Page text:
You’ve reached the activism portion of today’s show. Now that you’re informed and angry, here’s what you can do about it. Today’s activism: Fighting the Anti-Vaxxer Movement with Voices For Vaccines.
It looks like this run of “I can’t believe this is a thing that needs action” segments is ongoing. Measles — a serious illness even Baby Boomers barely remember — is back. More than 100 people in 17 states have confirmed cases and DisneyWorld had a double digit outbreak just before Christmas.
Why? Because a study from over a decade ago, based on a handful of cases, that has been refuted and debunked and thoroughly discredited through things like science and a hundred years of data is popular again. For a brief glimmer of a moment, vaccines looked like they might be risky and a generation of parents were scared into opting their children out. Many, like CNN contributor and Daily Beast columnist Sally Kohn regret that decision now and are talking about why they’ve changed their positions. Speaking out can get you attacked by right and left fringes alike — this is one of those rare topics like climate change that has skeptics on both sides. Storytelling combined with the science has become a necessary tool, as it has with so many issues recently.
Polio survivor Minda Dentler pleads with readers at Time.com to vaccinate their children with her graphic, brave story of surgeries and pain and overcoming it all to become the first handcyclist to complete the Kona Ironman. "Most people who oppose vaccines don’t know first-hand what these diseases can do to you,” Dentler writes. "They should meet me.”
Writer and parent Jessica Valenti joins in with near-compassion for anti-vaxxers in her column at The Guardian:
“….when I read quotes from parents denying any social responsibility to vaccinate saying things like, 'My child is pure ... It’s not my responsibility to be protecting their child,' it makes me livid. Where once we said 'it takes a village,' these days some people don’t care if the village burns to the ground so long as their precious snowflake is left standing.”
Valenti’s piece points out why the right-wing loves this movement; supposedly it’s about personal choice — a topic they’re keen on unless it has to do with someone’s uterus. The left can get taken in as part of the whole “pure and healthy” trend in food and cleaning supplies. What both sides miss — not that the right-wing would care — is that the anti-vaxxer fringe isn’t just awful because they’re risking the rampant return of nearly eradicated diseases. They’re promoting some serious bigotry and discrimination as well.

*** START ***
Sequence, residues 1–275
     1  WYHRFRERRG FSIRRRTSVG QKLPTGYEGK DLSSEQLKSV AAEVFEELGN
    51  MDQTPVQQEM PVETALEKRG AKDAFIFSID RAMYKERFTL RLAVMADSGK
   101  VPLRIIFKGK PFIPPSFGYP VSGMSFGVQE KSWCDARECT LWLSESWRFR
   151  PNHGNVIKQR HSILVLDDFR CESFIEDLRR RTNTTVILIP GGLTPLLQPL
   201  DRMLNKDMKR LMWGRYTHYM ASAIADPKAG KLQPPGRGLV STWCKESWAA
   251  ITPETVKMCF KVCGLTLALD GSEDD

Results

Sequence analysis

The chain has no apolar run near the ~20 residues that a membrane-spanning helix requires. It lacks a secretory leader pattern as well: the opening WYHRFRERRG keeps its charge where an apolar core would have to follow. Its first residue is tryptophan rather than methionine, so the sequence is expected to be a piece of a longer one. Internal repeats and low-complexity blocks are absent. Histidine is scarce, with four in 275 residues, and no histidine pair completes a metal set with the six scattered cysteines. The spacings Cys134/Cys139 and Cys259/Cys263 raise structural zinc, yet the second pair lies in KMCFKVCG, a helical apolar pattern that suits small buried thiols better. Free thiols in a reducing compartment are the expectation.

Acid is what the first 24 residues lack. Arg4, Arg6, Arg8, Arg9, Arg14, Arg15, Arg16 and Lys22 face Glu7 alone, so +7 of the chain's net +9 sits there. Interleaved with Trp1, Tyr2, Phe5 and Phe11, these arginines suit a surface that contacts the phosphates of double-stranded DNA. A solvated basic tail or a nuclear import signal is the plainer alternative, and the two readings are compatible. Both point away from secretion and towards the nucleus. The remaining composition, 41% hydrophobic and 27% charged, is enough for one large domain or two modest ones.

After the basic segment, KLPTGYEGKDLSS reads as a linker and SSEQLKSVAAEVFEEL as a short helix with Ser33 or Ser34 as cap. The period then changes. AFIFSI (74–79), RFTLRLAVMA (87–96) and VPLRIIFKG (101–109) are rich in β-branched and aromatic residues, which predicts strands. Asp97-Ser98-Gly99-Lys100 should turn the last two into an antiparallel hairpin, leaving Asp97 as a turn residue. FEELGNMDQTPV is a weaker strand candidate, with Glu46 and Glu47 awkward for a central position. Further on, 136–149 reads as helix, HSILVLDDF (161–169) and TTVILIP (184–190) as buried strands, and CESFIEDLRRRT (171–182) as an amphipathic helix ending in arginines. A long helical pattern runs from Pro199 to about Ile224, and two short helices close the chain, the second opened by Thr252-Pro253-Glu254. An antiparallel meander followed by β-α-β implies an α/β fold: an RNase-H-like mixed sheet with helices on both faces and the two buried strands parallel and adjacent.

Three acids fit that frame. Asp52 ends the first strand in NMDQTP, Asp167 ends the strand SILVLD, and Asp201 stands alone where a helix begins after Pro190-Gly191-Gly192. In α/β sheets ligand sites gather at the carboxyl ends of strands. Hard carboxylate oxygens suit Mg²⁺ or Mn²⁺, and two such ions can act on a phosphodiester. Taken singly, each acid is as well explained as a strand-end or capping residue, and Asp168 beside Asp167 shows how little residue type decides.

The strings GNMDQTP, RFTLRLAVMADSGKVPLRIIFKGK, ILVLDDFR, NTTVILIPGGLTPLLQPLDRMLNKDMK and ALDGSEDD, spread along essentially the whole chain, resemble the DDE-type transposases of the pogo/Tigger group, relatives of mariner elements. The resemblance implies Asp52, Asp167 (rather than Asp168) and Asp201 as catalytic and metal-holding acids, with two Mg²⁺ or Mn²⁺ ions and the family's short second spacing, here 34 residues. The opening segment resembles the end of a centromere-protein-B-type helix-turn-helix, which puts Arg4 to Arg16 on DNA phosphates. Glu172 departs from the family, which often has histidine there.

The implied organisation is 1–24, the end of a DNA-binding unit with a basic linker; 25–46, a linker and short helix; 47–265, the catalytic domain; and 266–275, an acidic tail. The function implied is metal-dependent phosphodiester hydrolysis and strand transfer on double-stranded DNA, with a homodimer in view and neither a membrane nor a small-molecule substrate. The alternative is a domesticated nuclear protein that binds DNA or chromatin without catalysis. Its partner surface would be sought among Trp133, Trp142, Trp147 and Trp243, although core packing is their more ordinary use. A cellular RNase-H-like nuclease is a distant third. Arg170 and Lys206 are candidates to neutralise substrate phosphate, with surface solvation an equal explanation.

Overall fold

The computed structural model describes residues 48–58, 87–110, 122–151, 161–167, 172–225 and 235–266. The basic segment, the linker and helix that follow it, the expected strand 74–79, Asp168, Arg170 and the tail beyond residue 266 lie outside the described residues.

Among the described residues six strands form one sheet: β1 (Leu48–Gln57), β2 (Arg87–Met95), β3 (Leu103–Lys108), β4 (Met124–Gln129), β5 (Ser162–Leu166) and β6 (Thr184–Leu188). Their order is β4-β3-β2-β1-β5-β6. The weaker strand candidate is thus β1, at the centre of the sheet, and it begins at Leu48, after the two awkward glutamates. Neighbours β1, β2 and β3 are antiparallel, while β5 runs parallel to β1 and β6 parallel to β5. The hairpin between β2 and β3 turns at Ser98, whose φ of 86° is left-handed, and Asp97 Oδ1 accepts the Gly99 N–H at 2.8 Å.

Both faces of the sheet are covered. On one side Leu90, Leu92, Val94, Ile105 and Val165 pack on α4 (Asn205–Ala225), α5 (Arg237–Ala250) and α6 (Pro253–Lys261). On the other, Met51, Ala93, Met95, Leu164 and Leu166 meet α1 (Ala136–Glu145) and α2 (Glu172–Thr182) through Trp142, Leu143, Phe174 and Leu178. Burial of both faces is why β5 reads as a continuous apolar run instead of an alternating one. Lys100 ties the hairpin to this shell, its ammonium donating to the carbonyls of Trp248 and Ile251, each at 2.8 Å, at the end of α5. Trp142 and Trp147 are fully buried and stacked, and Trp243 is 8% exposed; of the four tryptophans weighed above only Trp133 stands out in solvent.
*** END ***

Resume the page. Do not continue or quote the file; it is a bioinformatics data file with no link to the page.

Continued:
Maria Mora has a straightforward, important reminder at SheKnows.com for people who still refuse to believe the thorough debunking of the study celebs like Jenny McCarthy — yes, that Jenny McCarthy — used to fuel the fear of vaccines. "Autism isn't a punishment,” she writes. "It isn't a bogeyman. It shouldn't be what keeps parents who vaccinate their kids up at night.”
Vaccines don’t cause autism. But beyond that, it’s ableist to talk about fear of autism in a way that pretty much flat out says, “I’d rather risk my child and your child dying from the measles than raise their risk of becoming autistic.” Imagine the message that sends to people with autism.
With so much to combat, we as concerned, science- and empathy-appreciating citizens are lucky to have Voices For Vaccines as a resource. They are a parent-led, evidence-based non-profit with a team of doctors and immunologists who serve on their board.
The “Tools” tab at VoicesForVaccines.org has printable handouts; archived conference calls and law manuals on vaccines as resources; community and parent toolkits; new and expectant parent toolkits; links to their “Kick the Flu Out of School” campaign because, yes, people do still die from the flu; and a primer for writing op-eds to your local news outlets and for publication.
Their social media feeds are active, current, and full of useful information as well as links to local actions and updates. Visit their page, get educated, and help spread the facts to keep the immune compromised and vulnerable in our society protected.
Also, a quick heads up for those who thought their vaccine schedule ended sometime in college, you very likely need a Pertussis booster with your next tetanus shot to protect against the increased risk of Whooping Cough. It’s back as well, it’s awful, you have increased risk if you spend time with children, and you should ask your doctor if you’re due for one as immunity does wear off over time.
Use the resources at: Voices For Vaccines
Find out more about the adult pertussis vaccination at: AdultVaccination.org
"A Polio Survivor’s Plea: Vaccinate Your Children” by Minda Dentler at Time.com
"Anti-Vaxxers Brought Measles to the Happiest Place on Earth: A measles outbreak has sickened 70 people at Disneyland, and could be the spark that brings the once-eradicated disease back in force.” by Russell Saunders at The Daily Beast
"Dear anti-vaxxers: Stop using autism as a bogeyman” by Maria Mora at SheKnows
Hear the segment in context:
Written by BOTL social media/activism director Katie Klabusich